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The End and The Beginning

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“Here lies the Black Queen of Orisia,” said the Father of Darkness, his voice devoid of mockery or severity, of sadness or mirth, it was merely a statement that lacked any truth. He had taken up a physical form near the sepulcher, and appeared to be examining the likeness of his daughter. 


He was a nearly shapeless thing -- an oblong form with no limbs, no observable head, and no facial features to speak of. Still, she could approximate these parts of his body by the way he leaned this way or that, but wondered if he lacked the will or the ability to form a more appropriate shape for himself. She may have asked, but time was of the essence, and the reality was that she didn’t much care. 


“It doesn’t look anything like you,” the creature of darkness said.


“It’s not supposed to,” she answered, stepping out of the threshold of the mausoleum and pocketing the very special key that had allowed her entrance into this secret place. A key to any door, the last great treasure of Orisia -- a masterpiece she had commissioned before being forced to leave her throne for the last time. She may have kissed the key, a brass skeleton key that hardly looked as important as she made it out to be, but she didn’t. The gesture would have been needlessly sentimental. But somewhere, in the quiet of her mind, she said a prayer of thanks to a woman who no longer existed upon this world -- a woman who had fled away to a better life, a better existence perhaps. For a moment, as she walked from one shadow to the next and closed her golden eyes, Gabriela could hear the jingle-jangle of Alexandra’s silver jewelry and smell the warm and inviting scent of baked apple and cinnamon.


But that was a lifetime ago. 


“It’s an idealized figure -- something people would come and look at to remember someone who never really existed,” she opened her eyes and the gold within them was a glow.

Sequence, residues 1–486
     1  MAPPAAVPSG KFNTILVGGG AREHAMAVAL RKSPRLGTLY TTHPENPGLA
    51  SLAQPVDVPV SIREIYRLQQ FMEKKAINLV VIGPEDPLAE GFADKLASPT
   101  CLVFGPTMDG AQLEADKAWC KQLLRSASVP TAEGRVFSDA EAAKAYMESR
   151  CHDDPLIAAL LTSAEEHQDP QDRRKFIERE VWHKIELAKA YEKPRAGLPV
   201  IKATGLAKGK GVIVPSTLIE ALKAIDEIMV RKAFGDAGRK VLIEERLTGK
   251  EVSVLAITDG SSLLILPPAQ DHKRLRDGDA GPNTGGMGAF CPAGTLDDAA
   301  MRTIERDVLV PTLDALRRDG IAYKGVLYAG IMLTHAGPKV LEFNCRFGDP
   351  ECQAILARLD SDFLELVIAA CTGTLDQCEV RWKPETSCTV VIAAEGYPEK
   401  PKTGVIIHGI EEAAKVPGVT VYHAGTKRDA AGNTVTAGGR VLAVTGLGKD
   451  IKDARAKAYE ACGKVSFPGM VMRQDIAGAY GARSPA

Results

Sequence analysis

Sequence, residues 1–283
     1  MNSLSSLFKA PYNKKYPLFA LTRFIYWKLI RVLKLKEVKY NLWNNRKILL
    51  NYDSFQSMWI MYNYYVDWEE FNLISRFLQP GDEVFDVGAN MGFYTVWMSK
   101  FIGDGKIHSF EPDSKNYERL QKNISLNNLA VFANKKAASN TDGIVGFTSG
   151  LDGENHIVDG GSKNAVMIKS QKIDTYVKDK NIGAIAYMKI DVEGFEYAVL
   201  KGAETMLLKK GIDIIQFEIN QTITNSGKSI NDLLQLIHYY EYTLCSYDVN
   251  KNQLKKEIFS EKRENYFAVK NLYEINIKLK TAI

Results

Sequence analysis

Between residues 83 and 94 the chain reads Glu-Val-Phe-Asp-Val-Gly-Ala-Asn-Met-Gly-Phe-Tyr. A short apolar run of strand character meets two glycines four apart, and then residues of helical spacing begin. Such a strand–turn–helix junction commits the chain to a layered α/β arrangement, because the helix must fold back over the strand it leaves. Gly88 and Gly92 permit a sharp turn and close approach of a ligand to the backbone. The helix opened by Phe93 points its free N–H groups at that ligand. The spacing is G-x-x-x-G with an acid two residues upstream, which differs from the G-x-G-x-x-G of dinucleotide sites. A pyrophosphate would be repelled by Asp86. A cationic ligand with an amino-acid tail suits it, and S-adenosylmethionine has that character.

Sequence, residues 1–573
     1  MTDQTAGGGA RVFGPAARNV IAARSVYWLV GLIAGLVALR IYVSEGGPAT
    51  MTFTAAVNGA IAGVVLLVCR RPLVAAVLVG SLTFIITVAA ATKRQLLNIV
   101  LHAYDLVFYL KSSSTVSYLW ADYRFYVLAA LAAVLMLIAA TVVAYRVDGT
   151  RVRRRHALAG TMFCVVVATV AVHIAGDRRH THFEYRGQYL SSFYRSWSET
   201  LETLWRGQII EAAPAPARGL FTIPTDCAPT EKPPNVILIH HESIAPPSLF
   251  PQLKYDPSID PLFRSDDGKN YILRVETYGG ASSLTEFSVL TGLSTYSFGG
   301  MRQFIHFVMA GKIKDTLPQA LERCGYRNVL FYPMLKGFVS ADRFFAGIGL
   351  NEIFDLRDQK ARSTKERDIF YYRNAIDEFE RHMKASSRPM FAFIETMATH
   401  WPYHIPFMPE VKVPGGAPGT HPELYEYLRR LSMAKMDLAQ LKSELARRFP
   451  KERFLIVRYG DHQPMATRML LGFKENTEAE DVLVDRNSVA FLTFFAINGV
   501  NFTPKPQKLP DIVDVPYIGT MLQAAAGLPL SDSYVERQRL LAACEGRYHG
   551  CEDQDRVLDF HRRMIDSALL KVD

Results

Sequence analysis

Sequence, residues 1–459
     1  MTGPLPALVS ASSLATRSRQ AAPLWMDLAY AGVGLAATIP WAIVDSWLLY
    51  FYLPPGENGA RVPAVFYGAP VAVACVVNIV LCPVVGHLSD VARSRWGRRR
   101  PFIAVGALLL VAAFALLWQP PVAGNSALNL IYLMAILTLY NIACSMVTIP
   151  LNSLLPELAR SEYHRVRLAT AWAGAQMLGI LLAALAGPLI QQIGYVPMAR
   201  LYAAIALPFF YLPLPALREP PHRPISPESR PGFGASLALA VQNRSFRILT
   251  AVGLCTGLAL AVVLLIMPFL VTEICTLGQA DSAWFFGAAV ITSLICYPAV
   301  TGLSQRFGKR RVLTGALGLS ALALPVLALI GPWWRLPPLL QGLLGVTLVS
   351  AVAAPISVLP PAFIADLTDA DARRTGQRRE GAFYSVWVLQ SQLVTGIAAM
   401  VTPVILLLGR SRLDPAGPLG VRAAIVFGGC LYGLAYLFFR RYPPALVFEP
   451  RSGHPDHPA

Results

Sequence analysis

“That seems tragic, all that hard work and then so little recognition,” a tendril escaped from the black mass that was Tenebre and it reached up and stroked the stone cheek of his daughter’s sarcophagus. 


Gabriela had approached and stood on the other side, she peered down and examined her likeness. 


“Living forever is all that ever mattered, in what respect, that’s all a blurred line. But passing down the blood, echoes of my existence from one generation to the next. I suppose that was the goal in the end, before I ever even realized it. A silent but irrefutable recognition. It’s all that ever mattered, until it didn’t -- and now it's gone. He’s gone.”


It was her turn to touch the sarcophagus. She didn’t bother with caressing the figure’s face like some self-involved lover -- no. Her small, human hand, warm and mortal, settled over under the ice-cold crossed-arms of the stone figure and rested upon the flat belly. There, her touch lingered, as if she might feel the stirring of life through the dense and dead stone. Against her will and all her might, she felt the muscles in her throat grow tight. In all the world, of everything she was on the verge of losing, she knew that what lay beneath this hard and cold stone was all that she would miss -- the tiny bones of her beloved child. 


“So it’s decided then?”


“Yes,” she answered, nearly breathless -- a mere whisper.


“And you’ve had your fill of the world?” he asked, the figure drawing closer and leaning forward over the sarcophagus. 


“Yes,” she nodded for fear that she had made no sound, and after breathing and wetting her lips with a tongue that felt and tasted equally dry, she looked up into the face of darkness, “-- I have had my fill of this world. I find that there is nothing redeemable. And the suffering and the pain, it has earned these creatures their rest. I wish for respite -- an end to this, to all of it, for everyone.” 


“You are prepared to make that choice for everyone -- every man, every woman, every child?”


“Yes -- especially the children.”

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Posted (edited)

Tenebre began to solidify. The opaque creature became denser and denser, and his figure began to take on the form of a man. Two thin tendrils thickened to become arms and from them sprouted rounded shoulders. The rest came about most naturally -- a neck, a torso, a rounded head with a square jaw, what might have been considered handsome features to anyone who could actually see them beyond the pitch-black darkness within which they existed. He took on the appearance of a man, and stood there like a statue carved out of polished obsidian, bending and reflecting the light that fell across his smooth and sharp edges. 


“You do not need my power to sink this island into the ocean and drown all those who live upon it. Simply invoke the right of your blood and the magic of the land will answer your call and do your bidding. You know this.”